Pancreatic Cancer Touches The Black Community, Too

A senior man smilingWhat is pancreatic cancer? Celebrities such as Aretha Franklin, James Moody and Reverend James Bevel have all helped raise the awareness of pancreatic cancer in the Black community.

The survival rate of pancreatic cancer is dismal to begin with. Only 1 of 4 people with pancreatic cancer survive one year past diagnosis. Five years out, only 1 of every 20 are still alive. And, the black community is harder hit.

Black men and women are more likely to develop this relatively rare cancer than other groups, with black men having the worst survival rate (Surprisingly, for unknown reasons, the survival rate of black women is the same as white men and women).

Despite its impact, few have ever heard about the disease prior to Jobs’ death. So, here’s the low-down on this not so often discussed condition.

Who gets pancreatic cancer?
Last year, over 40,000 Americans were diagnosed with cancer of the pancreas. In the same year, nearly 37,000 died. The average age at time of diagnosis is 72.

What does the pancreas do?

The pancreas plays two key roles: one is to produce juices to help digest or break down food, and the other is to help control blood sugar. Type 1 or juvenile diabetes – different from adult diabetes – develops when the pancreas does not function properly.

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Will Cancer Soon Be America’s #1 Killer?

medical staff reading a xray
According to the American Cancer Society, one particular group now suffers more from cancer-related deaths than deaths from heart disease – and the rest of the country may be only a few years behind.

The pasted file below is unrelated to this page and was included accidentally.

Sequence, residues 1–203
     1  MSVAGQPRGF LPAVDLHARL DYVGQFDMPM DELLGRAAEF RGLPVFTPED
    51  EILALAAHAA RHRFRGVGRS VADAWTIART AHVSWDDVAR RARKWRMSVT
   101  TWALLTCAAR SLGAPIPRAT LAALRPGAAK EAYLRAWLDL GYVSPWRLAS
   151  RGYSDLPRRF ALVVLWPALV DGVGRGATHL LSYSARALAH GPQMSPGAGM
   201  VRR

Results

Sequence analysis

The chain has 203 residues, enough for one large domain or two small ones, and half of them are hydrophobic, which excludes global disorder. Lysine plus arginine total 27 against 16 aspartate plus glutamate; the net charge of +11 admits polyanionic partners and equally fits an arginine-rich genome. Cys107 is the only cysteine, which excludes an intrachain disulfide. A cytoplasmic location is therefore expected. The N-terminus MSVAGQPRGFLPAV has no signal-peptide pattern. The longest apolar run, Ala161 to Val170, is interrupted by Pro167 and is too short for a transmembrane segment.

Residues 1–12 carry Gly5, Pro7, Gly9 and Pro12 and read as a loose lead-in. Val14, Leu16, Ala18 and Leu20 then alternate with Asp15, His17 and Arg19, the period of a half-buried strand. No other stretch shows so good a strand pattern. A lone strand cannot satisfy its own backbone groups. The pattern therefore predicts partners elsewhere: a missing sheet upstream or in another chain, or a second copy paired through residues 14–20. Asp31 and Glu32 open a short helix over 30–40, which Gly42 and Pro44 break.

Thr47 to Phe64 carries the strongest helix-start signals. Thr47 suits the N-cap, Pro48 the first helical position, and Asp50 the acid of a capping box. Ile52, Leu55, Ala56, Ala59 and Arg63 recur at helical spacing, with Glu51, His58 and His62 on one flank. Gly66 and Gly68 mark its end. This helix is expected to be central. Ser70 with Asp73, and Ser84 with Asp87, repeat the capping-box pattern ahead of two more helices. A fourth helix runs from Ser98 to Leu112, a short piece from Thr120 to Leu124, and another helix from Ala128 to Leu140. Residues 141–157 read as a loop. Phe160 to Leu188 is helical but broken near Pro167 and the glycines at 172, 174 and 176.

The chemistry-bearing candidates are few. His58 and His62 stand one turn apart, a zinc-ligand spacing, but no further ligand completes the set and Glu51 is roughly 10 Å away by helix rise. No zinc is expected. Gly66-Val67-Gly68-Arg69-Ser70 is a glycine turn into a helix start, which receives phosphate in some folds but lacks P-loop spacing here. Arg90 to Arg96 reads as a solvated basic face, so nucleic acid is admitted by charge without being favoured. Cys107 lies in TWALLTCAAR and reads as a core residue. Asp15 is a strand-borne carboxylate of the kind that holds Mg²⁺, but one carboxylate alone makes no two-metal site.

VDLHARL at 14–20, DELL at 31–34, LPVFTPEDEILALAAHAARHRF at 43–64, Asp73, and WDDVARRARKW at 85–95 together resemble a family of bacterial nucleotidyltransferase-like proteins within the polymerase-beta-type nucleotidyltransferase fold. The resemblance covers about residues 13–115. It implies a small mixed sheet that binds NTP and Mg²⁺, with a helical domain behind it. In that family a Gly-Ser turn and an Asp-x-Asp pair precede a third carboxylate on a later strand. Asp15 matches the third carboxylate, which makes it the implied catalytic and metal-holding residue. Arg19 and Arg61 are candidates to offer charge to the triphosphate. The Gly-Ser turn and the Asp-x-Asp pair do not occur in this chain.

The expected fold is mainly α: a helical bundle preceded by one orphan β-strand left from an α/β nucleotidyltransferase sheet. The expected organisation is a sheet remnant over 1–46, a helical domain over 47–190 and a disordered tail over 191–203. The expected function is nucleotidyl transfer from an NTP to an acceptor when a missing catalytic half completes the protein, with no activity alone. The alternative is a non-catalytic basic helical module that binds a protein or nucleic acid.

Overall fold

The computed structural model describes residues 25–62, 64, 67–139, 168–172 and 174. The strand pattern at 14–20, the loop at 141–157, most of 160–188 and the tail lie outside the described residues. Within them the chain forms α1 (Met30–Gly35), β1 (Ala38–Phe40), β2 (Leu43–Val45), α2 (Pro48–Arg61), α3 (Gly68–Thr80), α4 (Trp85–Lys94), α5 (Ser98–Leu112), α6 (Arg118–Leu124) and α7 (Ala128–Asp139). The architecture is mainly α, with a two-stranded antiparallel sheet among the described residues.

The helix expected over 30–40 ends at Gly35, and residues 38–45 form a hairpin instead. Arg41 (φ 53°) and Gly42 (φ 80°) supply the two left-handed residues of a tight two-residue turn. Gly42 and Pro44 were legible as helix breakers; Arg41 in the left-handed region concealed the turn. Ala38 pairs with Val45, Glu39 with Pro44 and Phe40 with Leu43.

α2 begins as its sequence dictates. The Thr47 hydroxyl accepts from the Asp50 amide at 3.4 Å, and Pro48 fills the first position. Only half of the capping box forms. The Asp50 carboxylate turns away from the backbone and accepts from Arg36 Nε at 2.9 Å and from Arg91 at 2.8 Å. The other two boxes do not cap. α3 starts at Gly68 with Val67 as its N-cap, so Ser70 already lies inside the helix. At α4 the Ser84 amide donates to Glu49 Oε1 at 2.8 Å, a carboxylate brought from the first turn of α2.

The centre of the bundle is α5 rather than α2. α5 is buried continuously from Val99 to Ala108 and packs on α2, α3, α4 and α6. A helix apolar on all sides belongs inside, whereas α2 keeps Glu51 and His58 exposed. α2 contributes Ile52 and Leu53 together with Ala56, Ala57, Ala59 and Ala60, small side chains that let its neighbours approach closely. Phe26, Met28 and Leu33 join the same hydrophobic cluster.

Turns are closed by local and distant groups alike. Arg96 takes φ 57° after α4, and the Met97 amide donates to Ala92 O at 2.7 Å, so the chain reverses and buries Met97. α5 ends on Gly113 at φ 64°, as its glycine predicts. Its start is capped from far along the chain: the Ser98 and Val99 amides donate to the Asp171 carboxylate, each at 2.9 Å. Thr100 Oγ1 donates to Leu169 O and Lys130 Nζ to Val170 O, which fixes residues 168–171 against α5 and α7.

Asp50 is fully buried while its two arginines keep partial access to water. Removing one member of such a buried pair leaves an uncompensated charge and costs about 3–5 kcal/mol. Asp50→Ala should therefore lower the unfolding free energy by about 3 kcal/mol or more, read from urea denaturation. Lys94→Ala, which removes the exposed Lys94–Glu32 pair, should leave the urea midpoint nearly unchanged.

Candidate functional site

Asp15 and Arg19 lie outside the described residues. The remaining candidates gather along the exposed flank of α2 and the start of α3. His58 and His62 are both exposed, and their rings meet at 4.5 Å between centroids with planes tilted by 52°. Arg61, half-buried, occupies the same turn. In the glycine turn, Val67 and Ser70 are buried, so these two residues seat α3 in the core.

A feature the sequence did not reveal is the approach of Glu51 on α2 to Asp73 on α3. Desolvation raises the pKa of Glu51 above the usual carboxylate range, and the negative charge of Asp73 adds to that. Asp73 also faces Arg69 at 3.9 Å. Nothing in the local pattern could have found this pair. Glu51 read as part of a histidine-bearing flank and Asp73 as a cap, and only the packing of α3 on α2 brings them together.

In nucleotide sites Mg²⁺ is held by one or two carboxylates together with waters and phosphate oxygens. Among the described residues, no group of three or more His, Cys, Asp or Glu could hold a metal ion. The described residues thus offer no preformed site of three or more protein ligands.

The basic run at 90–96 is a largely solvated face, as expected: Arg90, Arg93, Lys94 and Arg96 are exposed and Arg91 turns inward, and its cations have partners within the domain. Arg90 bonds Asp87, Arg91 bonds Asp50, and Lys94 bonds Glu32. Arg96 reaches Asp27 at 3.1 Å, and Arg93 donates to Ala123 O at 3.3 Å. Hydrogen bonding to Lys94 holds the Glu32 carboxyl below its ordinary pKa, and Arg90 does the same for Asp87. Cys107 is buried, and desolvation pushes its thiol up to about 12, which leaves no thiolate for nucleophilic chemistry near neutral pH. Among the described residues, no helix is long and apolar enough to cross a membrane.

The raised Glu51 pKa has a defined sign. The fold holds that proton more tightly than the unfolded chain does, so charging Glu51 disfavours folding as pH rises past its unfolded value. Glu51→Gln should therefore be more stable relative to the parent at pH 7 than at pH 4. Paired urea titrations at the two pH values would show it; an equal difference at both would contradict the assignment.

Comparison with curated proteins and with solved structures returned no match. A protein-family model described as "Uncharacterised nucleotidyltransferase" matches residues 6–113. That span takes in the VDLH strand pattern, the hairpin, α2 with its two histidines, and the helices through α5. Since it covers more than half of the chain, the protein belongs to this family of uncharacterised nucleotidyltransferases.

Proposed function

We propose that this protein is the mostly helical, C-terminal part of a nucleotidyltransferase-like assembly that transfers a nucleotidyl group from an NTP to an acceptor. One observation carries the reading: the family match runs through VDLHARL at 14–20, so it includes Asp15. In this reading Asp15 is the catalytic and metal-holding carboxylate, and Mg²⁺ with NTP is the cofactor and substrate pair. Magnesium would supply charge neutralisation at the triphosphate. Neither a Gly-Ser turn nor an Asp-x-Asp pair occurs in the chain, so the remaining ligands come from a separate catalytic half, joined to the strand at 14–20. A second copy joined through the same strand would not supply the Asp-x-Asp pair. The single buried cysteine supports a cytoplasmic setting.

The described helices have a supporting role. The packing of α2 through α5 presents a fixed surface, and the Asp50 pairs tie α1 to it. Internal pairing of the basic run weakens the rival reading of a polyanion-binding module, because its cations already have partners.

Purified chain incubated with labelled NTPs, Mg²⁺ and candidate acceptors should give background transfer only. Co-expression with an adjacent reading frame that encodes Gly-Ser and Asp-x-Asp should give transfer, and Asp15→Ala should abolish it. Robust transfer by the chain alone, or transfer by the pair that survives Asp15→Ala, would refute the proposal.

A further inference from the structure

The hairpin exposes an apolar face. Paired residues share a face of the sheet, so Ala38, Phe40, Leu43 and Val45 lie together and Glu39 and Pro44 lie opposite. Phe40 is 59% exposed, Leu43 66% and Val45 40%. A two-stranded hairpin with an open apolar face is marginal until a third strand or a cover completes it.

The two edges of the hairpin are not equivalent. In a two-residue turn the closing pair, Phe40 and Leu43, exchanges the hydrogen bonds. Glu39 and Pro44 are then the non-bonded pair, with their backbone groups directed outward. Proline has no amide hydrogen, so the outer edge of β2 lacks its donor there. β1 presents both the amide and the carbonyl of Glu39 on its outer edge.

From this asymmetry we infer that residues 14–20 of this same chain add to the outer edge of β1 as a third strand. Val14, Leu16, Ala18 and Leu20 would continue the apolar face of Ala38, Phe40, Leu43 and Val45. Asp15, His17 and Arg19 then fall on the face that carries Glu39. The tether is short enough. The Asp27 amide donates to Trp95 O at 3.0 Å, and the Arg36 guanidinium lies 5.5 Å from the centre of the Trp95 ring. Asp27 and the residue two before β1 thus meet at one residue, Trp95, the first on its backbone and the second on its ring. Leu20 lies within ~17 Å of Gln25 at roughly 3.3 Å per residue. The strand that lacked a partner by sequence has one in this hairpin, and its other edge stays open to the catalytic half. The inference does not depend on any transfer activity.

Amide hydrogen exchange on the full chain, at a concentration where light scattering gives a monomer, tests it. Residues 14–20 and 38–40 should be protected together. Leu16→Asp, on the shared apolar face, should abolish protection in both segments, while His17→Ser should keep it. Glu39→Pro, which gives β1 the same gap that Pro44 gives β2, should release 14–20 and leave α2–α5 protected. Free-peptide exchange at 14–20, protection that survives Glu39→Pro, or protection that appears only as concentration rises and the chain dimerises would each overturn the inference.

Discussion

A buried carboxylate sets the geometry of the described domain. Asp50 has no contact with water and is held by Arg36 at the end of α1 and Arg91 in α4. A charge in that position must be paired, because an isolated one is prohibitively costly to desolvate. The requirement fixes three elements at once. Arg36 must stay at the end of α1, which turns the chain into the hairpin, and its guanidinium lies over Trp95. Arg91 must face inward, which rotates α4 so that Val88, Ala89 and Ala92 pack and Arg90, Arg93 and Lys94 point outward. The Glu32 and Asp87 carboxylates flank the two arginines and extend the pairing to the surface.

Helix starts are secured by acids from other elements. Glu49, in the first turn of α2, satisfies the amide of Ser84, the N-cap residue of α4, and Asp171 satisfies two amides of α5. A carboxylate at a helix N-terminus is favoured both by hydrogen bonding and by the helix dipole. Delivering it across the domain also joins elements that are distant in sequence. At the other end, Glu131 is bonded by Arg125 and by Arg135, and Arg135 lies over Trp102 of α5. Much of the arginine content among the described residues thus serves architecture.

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Cancer has overtaken heart disease as the primary killer among Hispanics in the U.S., and while death rates for both cancer and heart disease have been dropping for everyone, heart disease deaths have fallen faster, largely because of improved treatment and prevention, including the development of cholesterol-lowering drugs.

Overall, cancer will probably replace heart disease as the nation’s top cause of death in the next 10 years, said Rebecca Siegel of the American Cancer Society, lead author of a study reporting the new findings.

Government health statisticians think the crossover point could be reached as early as this year, or at least in the next two or three years.

The reason it has already happened among Hispanics is that they are younger on average than non-Hispanic whites and blacks. And cancer tends to kill people earlier in life than heart disease, for decades the nation’s top cause of death.

The shift could bring about a change in disease-prevention efforts, government spending priorities and people’s attitudes.

“We’ve been so focused on heart disease mortality for so long. … This may change the way people look at their risk,” said Robert Anderson, who oversees the Centers for Disease Prevention and Control branch that monitors death statistics.

The study is being published in the September/October issue of a cancer society publication, CA: A Cancer Journal for Clinicians.